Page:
Last week the Tories won a smashing, upset victory, taking a parliamentary majority when they were predicted to lose even the coalition they had. In the process, UKIP and the Lib Dems were wiped off the map, and Labour was wiped out in its Scottish stronghold (by the SNP). Once again, the pollsters got it horribly wrong, as they did in the recent Israeli elections and as they’ve done more often than not going back at least to their unanimous assertion in 1980 that Reagan and Carter were neck-and-neck.

It would seem that much like the chattering class in general, “everyone they know” voted for Labour, the Democrats, et al. How many more might have voted Tory Blue or Republican Red if they hadn’t been constantly told how pointless that was (not that any of these illustrious pollsters had such a thing in mind, of course)?

But there were other, more significant lessons from the British elections, and as usual, Newt Gingrich summarizes them exceptionally well. Please read the story below, and also check out my (and Margaret Thatcher’s) counsel to the incoming Tory government: ditch the EU, join NAFTA.

 


 

 

Lessons Learned From the British Elections

by Newt Gingrich
May 8, 2015

The British elections yesterday provided a healthy reminder about two principles of self-government: Elections matter and campaigns matter.

We get so distracted looking at polls and listening to so-called analysts that it’s easy to forget that the people ultimately decide the outcome, not the pollsters or the journalists.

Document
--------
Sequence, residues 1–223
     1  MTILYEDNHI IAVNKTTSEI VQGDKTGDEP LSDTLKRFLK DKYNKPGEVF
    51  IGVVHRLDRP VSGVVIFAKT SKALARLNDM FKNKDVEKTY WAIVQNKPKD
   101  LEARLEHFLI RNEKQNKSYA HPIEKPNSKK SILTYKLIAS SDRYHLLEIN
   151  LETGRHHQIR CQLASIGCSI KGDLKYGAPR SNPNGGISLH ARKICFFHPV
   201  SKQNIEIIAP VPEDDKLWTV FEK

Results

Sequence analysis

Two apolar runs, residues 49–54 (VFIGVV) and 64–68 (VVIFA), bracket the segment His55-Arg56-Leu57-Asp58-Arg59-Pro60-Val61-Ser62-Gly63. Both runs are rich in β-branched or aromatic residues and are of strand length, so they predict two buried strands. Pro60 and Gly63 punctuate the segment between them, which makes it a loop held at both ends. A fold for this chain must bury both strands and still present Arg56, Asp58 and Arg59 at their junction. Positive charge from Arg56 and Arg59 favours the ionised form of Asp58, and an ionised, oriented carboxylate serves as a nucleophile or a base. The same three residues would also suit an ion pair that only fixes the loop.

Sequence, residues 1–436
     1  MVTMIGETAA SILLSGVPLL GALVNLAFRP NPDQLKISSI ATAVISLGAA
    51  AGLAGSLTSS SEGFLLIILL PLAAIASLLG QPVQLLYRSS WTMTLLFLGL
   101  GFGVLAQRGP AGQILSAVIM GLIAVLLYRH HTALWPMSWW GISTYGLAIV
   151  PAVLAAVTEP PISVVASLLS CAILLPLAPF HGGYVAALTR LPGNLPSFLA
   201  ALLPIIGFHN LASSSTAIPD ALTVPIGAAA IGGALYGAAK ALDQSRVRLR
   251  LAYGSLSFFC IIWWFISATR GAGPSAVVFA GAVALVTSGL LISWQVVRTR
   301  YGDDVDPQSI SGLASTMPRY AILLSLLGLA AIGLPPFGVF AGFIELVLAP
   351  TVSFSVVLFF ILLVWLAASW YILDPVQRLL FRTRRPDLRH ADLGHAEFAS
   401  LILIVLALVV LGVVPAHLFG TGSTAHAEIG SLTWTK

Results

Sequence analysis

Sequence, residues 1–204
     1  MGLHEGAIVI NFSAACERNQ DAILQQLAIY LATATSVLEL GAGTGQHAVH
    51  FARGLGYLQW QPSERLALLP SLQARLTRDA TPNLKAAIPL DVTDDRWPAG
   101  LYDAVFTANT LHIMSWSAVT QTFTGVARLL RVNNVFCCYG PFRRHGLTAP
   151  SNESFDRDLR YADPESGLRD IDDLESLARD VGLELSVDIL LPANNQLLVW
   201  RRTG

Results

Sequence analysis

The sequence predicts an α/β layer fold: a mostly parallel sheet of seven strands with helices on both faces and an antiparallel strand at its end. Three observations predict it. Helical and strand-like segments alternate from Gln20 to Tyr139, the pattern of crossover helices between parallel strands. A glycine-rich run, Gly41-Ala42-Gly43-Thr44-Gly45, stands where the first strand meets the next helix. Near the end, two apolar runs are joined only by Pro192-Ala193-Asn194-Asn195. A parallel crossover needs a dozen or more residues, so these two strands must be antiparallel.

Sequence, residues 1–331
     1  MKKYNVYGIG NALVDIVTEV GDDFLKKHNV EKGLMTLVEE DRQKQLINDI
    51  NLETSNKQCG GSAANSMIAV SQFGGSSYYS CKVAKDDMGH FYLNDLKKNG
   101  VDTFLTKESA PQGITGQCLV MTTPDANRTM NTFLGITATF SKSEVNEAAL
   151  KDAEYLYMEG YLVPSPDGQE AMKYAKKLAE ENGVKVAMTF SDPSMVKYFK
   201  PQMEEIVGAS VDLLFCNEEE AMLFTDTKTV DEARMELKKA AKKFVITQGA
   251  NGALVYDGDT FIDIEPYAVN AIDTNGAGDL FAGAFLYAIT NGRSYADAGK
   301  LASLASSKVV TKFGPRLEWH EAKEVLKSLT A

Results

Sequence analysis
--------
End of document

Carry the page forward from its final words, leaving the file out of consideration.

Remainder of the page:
We also forget when looking at polling snapshots that candidates and their campaigns can move people through persuasion, sometimes decisively.

The Conservative campaign in Great Britain had a decisive impact on the outcome.

Virtually all of the elite analysts and pollsters were projecting a “hung election” in which no party could get a majority. Some were saying the election would prove the need for electoral reform because there were now so many smaller parties taking away votes from the major players.

Others thought the United Kingdom Independence Party would take votes away from the Conservative Party and make it impossible for Prime Minister David Cameron to stay in office. (I confess I was worried about this possibility.)

None of these scenarios occurred.

Cameron and the Conservatives followed a smart strategy that holds a number of lessons for Americans.

I am fortunate in writing just one day after the election because my good friend and former spokesman Mike Shields (until recently the chief of staff to RNC Chairman Reince Priebus and now the head of the American Action Network) was in Britain for the last days of the campaign and had a number of useful insights which he gave me permission to share.

Shields believes that the greatest lesson of the Conservative upset–which shattered every pre-election poll and every analyst’s assumptions–may have been Prime Minister Cameron’s constant assertion that Conservatives are for “working people.” Shields notes that this phrase is a populist reaffirmation of policies focusing on normal working people rather than on the concerns of elites. But it is also a reminder that Conservatives are for people who want to work, not freeloaders. The strategy reflects a similar theme in the Maine Governor’s race last year, in which the Republican emphasis on helping workers and cutting off people who were cheating grew the party’s vote decisively.

As Shields put it, “The voters get it–many of them work and play by the rules, and they see other people gaming the system. So saying you are for ‘working people’ is a brilliant phrase.”